Woodworkers tend to be pretty free in expressing frustration or anger with their power tools. The things that get said to them are NSFW, to be sure. Forums among woodworkers are filled with complaints and venting just as much as they are filled with requests for advice, sometimes even in the same post and thread.
Stuff happens sometimes, and it can be frustrating, whether it has to do with a power tool design, cheaped-out parts, faulty manufacturing, or even user error like failed or faulty maintenance.
We’ve come across complaints about the Bosch 4100 table saw on bulletin boards recently and thought we would look into them a bit. We’ll aggregate what we’ve heard and offer some thoughts on cures and resolutions in an effort to be both informative and helpful.
The Bosch 4100 Table Saw
The Bosch 4100 table saw is most often a jobsite table saw. It’s easily maneuverable on a wheeled stand and relatively light for a table saw you can easily lift into your pickup truck. It’s a contractor friend table saw because of its convenience. You’ll get tired of reading this, but the manual that comes with it is also a contractor friend that should be read.
With a 10′ blade, 15 amps, and 4.0 HP, it can handle light and medium cutting on the job site, whether ripping lumber, cutting to size and even includes the ability to accommodate dado cuts and rabbet cuts when needed.
It is a power tool, obviously, and needs an electrical source on the jobsite. That will often mean a long extension cord, one that is heavy-duty. This portable table saw moves about a jobsite easily on its wheeled stand, and with its lightweight, and is a convenient tool.
In addition to the ability to accommodate a dado blade, the Bosch 4100 portable table saw includes a rip fence, a miter fence, the stand, and an extensive manual that will take you some time to read. We certainly recommend you do take the time to read its manual, just as we urge all woodworkers to read the manuals of every power tool in your shop.
RTFM is an acronym we subscribe to, frankly, and so should you. (it’s a NSFW acronym, so we’ll let you figure it out – see what we did there?)
The rip fence is adjustable, and the wheeled stand’s height is also adjustable. You taller carpenters won’t have to bend over to use the table saw, and the stand’s handle makes it easy to push and pull, depending on the layout of the jobsite and the construction needs.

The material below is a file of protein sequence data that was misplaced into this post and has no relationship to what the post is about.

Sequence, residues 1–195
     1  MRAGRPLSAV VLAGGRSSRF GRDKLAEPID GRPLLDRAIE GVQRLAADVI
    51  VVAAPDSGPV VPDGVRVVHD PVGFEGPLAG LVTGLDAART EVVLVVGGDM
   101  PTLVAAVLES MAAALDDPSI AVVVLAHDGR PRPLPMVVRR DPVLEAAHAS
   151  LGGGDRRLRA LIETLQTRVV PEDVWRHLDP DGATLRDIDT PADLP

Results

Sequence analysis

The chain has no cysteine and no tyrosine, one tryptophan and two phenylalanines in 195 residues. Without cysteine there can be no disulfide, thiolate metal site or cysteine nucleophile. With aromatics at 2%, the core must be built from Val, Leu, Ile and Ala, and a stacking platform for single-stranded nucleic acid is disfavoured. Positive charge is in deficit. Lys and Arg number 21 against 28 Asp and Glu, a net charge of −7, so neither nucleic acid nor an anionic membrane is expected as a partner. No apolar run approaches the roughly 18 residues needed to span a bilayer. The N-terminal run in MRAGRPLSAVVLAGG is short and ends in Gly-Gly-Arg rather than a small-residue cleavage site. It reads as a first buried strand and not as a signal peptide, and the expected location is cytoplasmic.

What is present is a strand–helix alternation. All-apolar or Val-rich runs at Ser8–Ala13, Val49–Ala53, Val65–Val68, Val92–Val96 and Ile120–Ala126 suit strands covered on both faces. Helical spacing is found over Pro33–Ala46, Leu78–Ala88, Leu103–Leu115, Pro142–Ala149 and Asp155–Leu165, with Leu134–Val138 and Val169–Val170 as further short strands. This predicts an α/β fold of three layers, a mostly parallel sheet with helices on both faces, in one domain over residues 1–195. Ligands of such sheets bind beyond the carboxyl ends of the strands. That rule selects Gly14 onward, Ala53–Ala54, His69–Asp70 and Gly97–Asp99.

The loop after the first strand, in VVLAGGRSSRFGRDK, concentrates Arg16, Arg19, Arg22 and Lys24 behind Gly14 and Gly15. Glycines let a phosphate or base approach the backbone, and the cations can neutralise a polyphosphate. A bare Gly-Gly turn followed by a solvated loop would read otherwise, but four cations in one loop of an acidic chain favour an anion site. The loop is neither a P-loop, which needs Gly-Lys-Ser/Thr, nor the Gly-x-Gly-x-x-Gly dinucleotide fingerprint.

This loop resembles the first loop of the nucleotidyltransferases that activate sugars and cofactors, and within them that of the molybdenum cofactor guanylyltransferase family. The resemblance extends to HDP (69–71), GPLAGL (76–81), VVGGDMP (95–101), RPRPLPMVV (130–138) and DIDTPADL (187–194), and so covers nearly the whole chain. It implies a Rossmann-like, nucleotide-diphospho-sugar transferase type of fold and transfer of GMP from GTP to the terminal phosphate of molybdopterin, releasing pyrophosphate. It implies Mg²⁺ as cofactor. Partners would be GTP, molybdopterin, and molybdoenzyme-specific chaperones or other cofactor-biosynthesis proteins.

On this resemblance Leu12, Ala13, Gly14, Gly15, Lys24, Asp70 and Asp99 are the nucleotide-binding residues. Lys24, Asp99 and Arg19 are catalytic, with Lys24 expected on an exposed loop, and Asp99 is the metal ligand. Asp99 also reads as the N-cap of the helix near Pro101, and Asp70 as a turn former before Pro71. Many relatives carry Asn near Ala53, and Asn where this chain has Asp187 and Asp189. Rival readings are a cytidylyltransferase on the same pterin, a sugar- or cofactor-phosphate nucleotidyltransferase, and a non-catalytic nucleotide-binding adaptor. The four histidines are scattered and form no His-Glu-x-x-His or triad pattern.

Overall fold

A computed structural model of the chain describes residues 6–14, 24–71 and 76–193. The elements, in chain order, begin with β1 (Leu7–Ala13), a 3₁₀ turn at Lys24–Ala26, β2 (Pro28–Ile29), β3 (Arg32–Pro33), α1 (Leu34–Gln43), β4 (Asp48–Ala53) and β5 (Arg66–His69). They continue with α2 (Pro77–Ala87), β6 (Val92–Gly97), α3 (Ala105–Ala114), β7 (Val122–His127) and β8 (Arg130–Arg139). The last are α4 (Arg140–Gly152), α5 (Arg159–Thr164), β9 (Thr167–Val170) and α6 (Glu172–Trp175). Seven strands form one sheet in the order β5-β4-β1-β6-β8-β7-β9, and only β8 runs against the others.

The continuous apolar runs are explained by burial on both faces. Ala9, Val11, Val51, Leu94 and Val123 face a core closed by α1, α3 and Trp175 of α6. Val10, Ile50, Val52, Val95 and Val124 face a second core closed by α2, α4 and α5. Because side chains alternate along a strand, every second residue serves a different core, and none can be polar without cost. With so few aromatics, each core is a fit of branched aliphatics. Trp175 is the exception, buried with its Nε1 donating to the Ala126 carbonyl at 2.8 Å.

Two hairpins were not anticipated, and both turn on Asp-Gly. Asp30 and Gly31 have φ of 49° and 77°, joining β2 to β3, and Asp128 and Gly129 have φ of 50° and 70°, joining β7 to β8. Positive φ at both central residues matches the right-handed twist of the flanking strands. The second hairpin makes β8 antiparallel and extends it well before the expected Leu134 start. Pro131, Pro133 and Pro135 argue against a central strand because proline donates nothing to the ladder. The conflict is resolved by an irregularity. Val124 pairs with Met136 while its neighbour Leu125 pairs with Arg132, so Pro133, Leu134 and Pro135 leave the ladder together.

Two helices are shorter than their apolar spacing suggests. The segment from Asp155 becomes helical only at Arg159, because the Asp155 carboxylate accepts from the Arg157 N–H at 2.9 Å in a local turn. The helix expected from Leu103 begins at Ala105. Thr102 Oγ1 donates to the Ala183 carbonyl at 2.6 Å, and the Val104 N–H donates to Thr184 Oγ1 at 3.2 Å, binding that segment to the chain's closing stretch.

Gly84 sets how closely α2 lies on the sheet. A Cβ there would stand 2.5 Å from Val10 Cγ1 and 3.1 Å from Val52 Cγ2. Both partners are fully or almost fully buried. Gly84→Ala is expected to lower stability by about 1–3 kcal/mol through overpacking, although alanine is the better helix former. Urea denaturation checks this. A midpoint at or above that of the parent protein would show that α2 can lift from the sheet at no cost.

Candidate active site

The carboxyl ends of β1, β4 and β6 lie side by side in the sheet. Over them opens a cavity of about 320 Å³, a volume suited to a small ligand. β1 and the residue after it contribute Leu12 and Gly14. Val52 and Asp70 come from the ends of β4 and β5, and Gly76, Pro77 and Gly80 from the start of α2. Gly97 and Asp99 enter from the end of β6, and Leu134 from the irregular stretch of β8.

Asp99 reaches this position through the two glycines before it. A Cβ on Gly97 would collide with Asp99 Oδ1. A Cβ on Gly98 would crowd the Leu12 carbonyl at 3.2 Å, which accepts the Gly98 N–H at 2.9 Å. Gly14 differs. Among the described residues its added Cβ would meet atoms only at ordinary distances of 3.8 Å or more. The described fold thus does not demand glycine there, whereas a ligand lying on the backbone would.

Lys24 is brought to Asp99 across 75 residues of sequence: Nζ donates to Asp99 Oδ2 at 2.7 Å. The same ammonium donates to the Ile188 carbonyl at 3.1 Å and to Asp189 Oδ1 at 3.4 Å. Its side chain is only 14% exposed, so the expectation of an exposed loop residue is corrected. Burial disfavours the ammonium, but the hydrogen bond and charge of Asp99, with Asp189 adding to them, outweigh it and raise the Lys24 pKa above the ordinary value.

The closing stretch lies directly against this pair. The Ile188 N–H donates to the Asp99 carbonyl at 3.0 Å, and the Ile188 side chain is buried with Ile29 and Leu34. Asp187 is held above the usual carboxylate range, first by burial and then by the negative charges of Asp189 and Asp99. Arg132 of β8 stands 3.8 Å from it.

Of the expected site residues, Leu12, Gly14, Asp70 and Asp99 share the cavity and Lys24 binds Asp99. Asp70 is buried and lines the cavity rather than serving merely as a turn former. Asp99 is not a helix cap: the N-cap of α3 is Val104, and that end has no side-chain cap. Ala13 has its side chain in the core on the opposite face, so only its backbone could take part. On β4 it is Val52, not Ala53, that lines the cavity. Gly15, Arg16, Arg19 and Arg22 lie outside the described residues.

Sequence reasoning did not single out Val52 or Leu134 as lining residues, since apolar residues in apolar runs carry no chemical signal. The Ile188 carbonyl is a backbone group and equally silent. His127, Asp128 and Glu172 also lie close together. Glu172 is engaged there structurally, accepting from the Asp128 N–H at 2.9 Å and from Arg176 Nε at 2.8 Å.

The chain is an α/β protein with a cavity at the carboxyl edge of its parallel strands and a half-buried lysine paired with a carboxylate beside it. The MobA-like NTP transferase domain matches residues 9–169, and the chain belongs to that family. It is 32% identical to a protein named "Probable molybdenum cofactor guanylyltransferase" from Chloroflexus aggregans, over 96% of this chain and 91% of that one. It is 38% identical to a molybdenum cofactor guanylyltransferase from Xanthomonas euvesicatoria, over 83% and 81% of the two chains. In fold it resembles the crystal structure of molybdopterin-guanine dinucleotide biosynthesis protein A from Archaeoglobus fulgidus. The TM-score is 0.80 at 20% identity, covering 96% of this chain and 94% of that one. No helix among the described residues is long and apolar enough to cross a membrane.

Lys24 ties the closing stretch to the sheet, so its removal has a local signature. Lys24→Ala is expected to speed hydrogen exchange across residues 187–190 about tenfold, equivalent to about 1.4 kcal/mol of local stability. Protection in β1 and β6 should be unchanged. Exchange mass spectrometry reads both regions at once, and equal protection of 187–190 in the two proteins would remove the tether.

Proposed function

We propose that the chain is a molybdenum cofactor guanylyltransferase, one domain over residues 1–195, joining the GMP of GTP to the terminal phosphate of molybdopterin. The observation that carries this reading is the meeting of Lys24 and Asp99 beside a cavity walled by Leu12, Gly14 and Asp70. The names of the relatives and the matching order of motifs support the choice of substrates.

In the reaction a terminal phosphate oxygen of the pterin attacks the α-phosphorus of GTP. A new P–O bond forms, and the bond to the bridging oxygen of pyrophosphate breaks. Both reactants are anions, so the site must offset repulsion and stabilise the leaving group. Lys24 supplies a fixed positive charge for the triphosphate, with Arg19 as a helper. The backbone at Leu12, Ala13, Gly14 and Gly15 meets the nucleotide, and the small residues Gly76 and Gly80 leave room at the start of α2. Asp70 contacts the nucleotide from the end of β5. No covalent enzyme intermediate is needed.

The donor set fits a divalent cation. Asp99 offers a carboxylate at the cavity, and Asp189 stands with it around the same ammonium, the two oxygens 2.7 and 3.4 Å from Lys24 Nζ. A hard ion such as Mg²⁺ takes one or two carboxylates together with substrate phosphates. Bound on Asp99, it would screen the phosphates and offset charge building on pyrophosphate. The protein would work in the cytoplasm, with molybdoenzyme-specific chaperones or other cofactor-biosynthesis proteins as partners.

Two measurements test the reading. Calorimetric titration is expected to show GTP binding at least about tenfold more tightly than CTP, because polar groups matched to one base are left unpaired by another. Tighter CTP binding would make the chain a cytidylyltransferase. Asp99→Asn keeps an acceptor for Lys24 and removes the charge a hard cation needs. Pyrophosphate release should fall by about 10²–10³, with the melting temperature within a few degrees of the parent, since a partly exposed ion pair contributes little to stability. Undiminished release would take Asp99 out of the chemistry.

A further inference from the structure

Depending on where and when you make your purchase, the table saw will run you somewhere between $600 – $650, and you’ll find it at large DIY stores, online retailers, and even at local hardware stores. The wheeled stand will set you back around $80, again depending on where and when you make the buy.
Complaints and Problems Associated With The Bosch 4100 Table Saw
We read a number of very favorable reviews of the Bosch 4100 table saw, including 5-star ratings. Not all of the news, then, is bad. However, bulletin boards we visited and sifted through reported several issues that seem to arise from time to time, including a blade that will not rise, blades that turn slowly, and excessive vibrations and humming noises.
Additionally, we noted complaints that we might charitably refer to as simple user errors. Again, woodworkers, we do recommend you read the manual. We’ll sort through all of those we encountered in our research and see what can be done to cure them.
Saw Does Not Turn On
Clearly an electrical issue, this one can have a number of causes. Obviously, you check to make sure the extension cord is plugged in tightly; this is an easy fix. Check the cord, also, to make sure it has not been damaged such that the juice is not reaching the saw. A quick look at the circuit breaker makes sense, too.
Assuming the cord is plugged in, move on to make sure it’s not in quit mode – check the switch and make sure the adjacent quiet mode button has not been activated. Make sure, too, that the switch has not burned out or a wire has come loose.
We know these are just common sense solutions but are still worth mentioning. Before you go to a bulletin board and embarrass yourself for not checking the obvious, check the obvious first.
The Blade Will Not Rise
You’re cutting wood, and we know that we generate sawdust when we cut it. When was the last time you cleaned the saw? The manual recommends regular cleaning as a part of ongoing maintenance (we’ll mention others in a moment), and if it’s been a while since the last cleaning, this might be the problem.
Blasts of compressed air will go a long way toward removing accumulated dust on the threaded rod and gears that both raise and lower the blade and turn the blade. After cleaning, give them a good spray of pure silicone to lubricate the mechanisms.